Choosing What To Think

Published in Mental Health - 3 mins to read

In This is Water DFW describes how he felt the concept of college teaching him how to think seemed a little insulting, given that he had passed a rigorous entrance process that supposedly demonstrated that he in fact already knew how to think. As I already touched upon in my previous blog, he instead says that the benefit of college is that it gives you the ability to chose what you think about, and that’s what’s been on my mind today.

Given his struggles with depression and ultimate suicide, I think DFW knew well that of course, it’s not as easy as just choosing what to think - thoughts are often forceful, unruly things. I know that my own way of thinking follows a very familiar, well-worn pattern, and have become more and more aware recently (thanks to the perceptiveness of others) of my own tendency to get stuck and to spiral downwards. I think and think and think, I catastrophize, I dwell on that which I don’t have and not that which I do, microscopically analysing anything negative in my life until the point that it has been magnified so much, it’s the only thing I can see in front of me.

I do have some choice what to think though. Even if I didn’t finish my college education, I think for me, all I need is awareness that the option of autonomy over one’s thoughts exists, in order to have it available, and I’m lucky that that’s the case. It’s not easy - I’ve been in the same pattern, all day every day, for many years - it’s had time to bed in. In those moments, shifting my thoughts first requires an awareness that they are toxic, and then a deliberate, conscious effort to not engage with them and instead with something else. And then three seconds later, another, similar effort, because I have already veered back into the whirlpool of destructive thinking. And then again, every 3 or so seconds, for the entirety of my day in which I am conscious.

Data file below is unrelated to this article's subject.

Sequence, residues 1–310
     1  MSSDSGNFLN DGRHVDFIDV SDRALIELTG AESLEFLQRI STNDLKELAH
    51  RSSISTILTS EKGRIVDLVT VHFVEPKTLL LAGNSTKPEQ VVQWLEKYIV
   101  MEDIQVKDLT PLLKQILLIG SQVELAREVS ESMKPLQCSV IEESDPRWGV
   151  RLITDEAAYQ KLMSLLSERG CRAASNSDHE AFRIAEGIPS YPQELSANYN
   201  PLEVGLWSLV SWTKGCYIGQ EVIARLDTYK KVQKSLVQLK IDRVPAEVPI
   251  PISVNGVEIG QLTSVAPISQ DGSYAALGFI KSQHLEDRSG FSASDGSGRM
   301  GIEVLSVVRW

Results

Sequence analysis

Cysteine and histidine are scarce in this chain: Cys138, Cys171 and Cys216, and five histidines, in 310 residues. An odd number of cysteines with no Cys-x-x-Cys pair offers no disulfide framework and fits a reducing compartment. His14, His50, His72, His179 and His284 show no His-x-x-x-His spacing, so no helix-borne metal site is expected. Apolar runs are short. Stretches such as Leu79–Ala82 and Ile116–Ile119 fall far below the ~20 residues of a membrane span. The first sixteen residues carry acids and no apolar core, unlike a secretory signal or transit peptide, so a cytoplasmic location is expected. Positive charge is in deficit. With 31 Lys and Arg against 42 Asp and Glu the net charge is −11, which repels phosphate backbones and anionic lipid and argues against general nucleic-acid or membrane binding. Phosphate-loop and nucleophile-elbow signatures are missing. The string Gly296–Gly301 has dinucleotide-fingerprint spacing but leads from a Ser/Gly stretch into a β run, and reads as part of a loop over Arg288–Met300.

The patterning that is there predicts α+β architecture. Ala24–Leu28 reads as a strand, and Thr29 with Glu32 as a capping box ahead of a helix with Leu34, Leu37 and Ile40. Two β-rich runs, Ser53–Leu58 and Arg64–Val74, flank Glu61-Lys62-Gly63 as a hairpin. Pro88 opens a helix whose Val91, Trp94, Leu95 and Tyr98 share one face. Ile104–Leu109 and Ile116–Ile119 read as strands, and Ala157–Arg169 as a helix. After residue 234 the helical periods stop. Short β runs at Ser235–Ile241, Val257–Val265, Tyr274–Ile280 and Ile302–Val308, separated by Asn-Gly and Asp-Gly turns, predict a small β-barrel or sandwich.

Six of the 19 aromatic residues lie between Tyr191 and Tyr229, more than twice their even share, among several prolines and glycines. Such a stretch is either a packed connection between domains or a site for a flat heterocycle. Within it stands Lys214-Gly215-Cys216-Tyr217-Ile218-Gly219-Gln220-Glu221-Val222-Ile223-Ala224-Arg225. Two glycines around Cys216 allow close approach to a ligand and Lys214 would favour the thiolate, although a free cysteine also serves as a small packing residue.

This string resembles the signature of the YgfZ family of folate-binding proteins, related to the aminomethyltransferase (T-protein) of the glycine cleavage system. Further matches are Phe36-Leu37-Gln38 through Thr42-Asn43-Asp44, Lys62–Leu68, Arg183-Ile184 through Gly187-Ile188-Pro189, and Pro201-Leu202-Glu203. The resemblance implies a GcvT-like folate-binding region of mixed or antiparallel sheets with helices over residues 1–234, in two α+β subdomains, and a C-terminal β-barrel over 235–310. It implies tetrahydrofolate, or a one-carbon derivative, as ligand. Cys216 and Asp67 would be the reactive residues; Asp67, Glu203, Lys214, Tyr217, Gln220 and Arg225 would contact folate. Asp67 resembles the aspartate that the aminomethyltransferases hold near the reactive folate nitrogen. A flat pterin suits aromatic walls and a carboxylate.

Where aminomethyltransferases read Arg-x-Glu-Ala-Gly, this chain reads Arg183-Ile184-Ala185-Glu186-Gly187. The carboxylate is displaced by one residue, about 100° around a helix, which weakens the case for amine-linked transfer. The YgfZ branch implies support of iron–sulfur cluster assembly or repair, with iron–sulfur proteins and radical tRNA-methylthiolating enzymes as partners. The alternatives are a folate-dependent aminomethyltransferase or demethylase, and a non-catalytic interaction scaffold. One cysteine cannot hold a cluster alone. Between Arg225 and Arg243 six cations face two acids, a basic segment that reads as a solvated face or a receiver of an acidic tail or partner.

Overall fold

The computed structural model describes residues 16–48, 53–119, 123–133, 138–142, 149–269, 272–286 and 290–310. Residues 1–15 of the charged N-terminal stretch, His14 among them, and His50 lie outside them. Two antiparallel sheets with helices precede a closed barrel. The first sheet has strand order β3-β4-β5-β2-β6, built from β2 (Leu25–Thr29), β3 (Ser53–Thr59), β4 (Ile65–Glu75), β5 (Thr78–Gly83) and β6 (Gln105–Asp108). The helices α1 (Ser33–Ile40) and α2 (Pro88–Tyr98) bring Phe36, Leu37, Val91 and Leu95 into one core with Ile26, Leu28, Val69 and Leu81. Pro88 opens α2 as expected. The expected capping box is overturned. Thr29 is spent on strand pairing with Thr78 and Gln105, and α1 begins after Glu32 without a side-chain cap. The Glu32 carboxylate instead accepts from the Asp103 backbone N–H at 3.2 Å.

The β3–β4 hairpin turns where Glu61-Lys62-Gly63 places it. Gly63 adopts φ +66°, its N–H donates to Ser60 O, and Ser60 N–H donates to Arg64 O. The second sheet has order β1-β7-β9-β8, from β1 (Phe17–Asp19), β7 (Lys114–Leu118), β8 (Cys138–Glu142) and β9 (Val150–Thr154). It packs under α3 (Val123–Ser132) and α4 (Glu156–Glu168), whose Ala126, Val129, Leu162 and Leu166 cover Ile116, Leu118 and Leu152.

The fact that it’ll be difficult is not reason not to try though. I think meditation is helping me a little (I think I’m on a circa 20 day streak currently), really it is practising doing exactly what I’ve described - thinking something, acknowledging that thought, and then choosing to think about something else instead. I think if I could break my old habit and form this new one, I could be a lot happier, and that means I have to try my hardest to do it.

So, from now on - all my thoughts are getting audited. Are they healthy? Are they productive? If not, then I’m evicting them from the space between my ears.

See other posts in the Choosing What To Think series